Tuesday, August 13, 2013

Hiding from their own Voters, Republican Town Halls Secret, Last Minute, Small rooms for supporters only.

After reading about a town hall list showing bogus Paul Ryan locations in Janesville, at Rock Netroots, I came across this story that suddenly connected the dots for me. It looks like Republicans are now trying to hide from their base, those far right wing loons that would basically guarantee them reelection in the upcoming midterms. The GOP is about to implode on itself after playing their dangerous games of division. Who knew it would work against their own party unity? 
NY Times: A Former Engine of the G.O.P., the Town Hall Meeting, Cools Down: Representative Pete Sessions, a Texas Republican … four summers ago helped his party use them to stoke opposition to President Obama’s health care bill. Across the country, forums like his fed a budding Tea Party movement and set the stage for returning the House to Republican control in 2010. But when Mr. Sessions returned to his district for the August recess this year, there was something conspicuously missing from his schedule: a town hall.

They also say they are seeing Congressional offices go to greater lengths to conceal when and where the meetings take place. “The whole thing is very anti-democratic, and it’s classic behavior of entrenched insiders,” said Matt Kibbe, the president of FreedomWorks, a Tea Party group that in 2009 helped send legions of demonstrators to town halls. 

With memories of those angry protests still vivid, it seems that one of the unintended consequences of a movement that thrived on such open, often confrontational interactions with lawmakers is that there are fewer members of Congress now willing to face their constituents.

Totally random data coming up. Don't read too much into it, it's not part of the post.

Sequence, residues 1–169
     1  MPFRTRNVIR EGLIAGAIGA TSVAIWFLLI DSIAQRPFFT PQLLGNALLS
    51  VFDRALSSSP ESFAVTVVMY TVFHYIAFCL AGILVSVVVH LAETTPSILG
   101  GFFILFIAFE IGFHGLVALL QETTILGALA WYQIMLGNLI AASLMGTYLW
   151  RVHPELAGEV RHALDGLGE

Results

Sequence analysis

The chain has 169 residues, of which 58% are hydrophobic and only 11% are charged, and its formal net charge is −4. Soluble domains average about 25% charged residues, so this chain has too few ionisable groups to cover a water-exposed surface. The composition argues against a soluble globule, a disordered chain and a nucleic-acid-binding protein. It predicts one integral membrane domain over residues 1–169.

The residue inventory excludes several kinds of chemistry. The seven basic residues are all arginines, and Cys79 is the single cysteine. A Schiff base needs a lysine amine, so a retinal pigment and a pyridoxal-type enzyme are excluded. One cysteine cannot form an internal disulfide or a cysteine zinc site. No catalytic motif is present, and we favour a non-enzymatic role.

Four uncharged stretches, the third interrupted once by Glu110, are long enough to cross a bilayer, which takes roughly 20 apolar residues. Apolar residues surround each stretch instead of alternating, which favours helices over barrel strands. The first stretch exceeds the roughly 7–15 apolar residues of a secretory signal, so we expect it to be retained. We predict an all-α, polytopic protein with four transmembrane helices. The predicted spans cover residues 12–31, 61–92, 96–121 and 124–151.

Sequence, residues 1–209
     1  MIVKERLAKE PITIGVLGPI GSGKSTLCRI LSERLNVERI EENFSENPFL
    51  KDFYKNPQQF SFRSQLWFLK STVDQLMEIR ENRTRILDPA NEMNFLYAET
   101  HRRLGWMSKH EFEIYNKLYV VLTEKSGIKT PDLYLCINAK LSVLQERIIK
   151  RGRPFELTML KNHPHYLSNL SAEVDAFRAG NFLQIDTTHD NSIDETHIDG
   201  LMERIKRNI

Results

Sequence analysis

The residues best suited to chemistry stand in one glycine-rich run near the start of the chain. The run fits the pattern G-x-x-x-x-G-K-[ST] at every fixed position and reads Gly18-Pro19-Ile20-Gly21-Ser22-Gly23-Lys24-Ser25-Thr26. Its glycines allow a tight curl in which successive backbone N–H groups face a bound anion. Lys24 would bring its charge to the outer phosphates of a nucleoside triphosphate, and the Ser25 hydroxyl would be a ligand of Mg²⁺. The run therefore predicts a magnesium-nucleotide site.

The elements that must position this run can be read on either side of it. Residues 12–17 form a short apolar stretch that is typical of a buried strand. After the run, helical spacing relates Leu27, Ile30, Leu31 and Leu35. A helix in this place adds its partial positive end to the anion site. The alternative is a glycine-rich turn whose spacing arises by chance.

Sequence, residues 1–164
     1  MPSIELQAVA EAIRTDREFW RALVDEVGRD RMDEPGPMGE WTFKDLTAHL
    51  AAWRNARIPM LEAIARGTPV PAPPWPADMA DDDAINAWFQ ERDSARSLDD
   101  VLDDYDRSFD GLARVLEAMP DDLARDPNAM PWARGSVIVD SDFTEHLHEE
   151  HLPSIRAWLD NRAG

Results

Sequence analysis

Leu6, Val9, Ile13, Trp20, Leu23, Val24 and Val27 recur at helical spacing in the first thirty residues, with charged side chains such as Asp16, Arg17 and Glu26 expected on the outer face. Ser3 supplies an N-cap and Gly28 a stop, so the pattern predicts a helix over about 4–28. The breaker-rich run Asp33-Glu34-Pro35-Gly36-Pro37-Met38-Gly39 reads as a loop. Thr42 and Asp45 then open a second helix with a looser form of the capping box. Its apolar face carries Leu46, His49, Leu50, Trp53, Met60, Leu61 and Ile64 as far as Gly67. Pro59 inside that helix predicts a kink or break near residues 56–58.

Members of Congress and their aides were reluctant to talk: “Ninety percent of the audience will be there interested in what you have to say,” one Senate Republican aide said. “It’s the other 5 or 10 percent who aren’t. They’re there to make a point and, frankly, to hijack the meeting.”

“The reason 2009 was so successful for the grass roots was because the politicians never saw it coming,” said Jennifer Stefano, the state director for the Pennsylvania chapter of Americans for Prosperity. “Now they know. And they are terrified.”

Tea Party advocates from around Dallas spent one night last week making fake milk cartons with pictures of Mr. Sessions and Senator John Cornyn who has yet to announce a town hall.

Most of the efforts to shame members of Congress who are not holding town halls are aimed at Republicans. Tea Party groups are focused mainly on pressuring fellow Republicans — not Democrats, to back a proposal to shut down the government if financing is not pulled from the president’s health care law.

Immigration groups are almost exclusively targeting House Republicans, who now hold the key to passing any immigration overhaul legislation. 

Congressional offices have gotten increasingly clever about keeping their schedules under wraps. Sometimes, they wait until the last minute to announce the meeting, advocates said. Other times, they book a room that cannot accommodate large crowds and then alert their supporters to arrive an hour early so that the audience fills up with friendly faces.

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